Less than a week after the DEC asked for a 90-day extension on setting guidelines for hydraulic fracturing, the New York State Petroleum Council held a dinner forum for local leaders in Binghamton to talk about about the benefits of fracking. As our Elyse Mickalonis tells us, it wasn't a one sided conversation.
BINGHAMTON, N.Y. -- It’s an argument that’s been going on for years now: Should hydrofracking come to New York State?
“It’s not good for the environment, it’s not good for public health, but then they come in with all these promises of economic development,” said Chris Burger, Binghamton Regional Sustainability Collation Chair.
Protestors gathered Monday night to raise their concerns about fracking, right outside of a natural gas forum and dinner at downtown’s Holiday Inn. The event focused on showing local leaders how the area could benefit from hydrofracking.
“One of the things that came out when the DEC released its revised regulations is a summary document that affirms the jobs numbers,” said Karen Moreau, NYS Petroleum Council Executive Director. “We’re looking at 25,000 direct jobs that can be created from drilling and exploration in the Southern Tier.”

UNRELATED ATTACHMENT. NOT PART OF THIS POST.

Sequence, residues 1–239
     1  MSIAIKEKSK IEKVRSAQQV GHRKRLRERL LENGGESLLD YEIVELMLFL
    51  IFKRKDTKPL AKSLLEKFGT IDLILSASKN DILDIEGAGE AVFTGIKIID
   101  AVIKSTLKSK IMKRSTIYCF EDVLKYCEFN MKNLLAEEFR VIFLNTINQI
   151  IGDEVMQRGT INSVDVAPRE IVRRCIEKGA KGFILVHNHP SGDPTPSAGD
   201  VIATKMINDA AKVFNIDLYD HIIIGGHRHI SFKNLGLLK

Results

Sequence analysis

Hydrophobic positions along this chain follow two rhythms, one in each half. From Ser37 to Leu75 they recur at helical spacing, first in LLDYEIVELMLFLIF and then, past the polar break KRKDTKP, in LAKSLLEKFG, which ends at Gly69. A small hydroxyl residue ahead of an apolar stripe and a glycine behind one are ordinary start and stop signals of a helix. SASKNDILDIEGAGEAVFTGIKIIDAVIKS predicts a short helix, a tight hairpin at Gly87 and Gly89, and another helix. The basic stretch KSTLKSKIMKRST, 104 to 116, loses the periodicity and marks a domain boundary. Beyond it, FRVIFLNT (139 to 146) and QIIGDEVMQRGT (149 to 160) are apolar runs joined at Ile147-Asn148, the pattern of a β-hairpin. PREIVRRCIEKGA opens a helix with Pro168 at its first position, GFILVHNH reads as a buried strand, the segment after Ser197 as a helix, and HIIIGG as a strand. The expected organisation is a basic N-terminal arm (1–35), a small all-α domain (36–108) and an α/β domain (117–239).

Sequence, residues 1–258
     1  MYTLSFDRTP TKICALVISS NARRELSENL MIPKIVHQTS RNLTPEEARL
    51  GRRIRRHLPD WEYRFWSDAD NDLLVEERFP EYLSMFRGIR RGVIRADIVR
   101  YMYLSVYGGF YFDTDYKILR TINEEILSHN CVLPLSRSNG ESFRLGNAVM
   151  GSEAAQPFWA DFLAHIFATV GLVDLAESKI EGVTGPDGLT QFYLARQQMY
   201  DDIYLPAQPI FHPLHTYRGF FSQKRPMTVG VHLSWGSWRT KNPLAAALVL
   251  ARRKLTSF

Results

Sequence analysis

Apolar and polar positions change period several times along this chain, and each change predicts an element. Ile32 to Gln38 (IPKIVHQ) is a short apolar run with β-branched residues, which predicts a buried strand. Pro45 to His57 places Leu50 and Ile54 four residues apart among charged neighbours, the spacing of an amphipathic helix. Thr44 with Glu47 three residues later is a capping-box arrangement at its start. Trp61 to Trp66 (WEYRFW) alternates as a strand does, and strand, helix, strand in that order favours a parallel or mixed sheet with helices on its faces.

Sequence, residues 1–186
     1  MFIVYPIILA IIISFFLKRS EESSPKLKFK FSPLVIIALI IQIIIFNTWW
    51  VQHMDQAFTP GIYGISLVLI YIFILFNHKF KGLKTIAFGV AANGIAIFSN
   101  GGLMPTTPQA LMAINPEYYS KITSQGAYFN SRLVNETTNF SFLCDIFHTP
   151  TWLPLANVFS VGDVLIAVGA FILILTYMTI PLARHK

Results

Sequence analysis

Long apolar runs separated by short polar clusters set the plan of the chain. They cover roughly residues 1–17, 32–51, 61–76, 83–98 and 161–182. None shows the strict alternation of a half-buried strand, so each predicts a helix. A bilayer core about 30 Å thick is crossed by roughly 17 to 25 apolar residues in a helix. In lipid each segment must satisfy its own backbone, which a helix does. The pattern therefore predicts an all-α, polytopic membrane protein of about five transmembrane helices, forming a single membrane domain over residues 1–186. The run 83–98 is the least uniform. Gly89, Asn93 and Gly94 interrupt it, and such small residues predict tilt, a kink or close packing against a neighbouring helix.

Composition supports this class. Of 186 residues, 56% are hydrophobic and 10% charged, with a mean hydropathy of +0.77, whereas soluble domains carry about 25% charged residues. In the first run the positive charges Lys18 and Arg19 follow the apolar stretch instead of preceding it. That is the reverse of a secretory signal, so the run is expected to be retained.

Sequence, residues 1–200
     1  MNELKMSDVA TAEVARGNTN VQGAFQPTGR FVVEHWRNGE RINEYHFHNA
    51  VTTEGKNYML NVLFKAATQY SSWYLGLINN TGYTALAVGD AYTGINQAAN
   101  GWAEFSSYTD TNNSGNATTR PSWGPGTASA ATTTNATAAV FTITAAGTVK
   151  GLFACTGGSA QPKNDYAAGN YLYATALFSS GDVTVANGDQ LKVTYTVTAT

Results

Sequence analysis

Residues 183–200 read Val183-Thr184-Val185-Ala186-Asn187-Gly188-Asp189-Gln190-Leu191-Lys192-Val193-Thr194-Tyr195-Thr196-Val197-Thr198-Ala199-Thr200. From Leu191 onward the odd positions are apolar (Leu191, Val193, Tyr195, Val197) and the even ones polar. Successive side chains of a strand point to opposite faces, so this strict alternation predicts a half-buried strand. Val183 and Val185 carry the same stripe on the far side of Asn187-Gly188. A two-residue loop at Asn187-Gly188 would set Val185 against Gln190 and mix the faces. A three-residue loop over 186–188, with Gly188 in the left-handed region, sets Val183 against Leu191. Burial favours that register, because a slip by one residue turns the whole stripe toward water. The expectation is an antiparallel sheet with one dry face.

Earlier on Monday, Binghamton Mayor Matt Ryan voiced his concerns about fracking in Albany, concerns he echoed over dinner back in Binghamton.
“I think everyone would agree the most important part about this is public health. And all of a sudden they want to push this through without more time and we’ve asked for more time,” said Matt Ryan, (D) Binghamton Mayor.
While New York State Petroleum Council members say they feel the industry has been studied enough, protesters continue to push for more research.
"It's important we cut through the hype the gas industry is laying out for our public officials. They're here to influence our public officials and convince them that the risks from fracking are worth it, because of economic development,” said Burger.
Moreau added, "This has been researched now for four years and it's been looked at from every angle. There has been the Department of Health involved from the beginning and as you may know they're doing an additional level of review on top of the original review just to give the public more assurance."
With the DEC’s 90-day extension on a rule making deadline, New Yorkers will have to wait a while longer to find out whether or not fracking will take place.
The extension filed by the DEC includes a 30 day public comment period on a revised draft.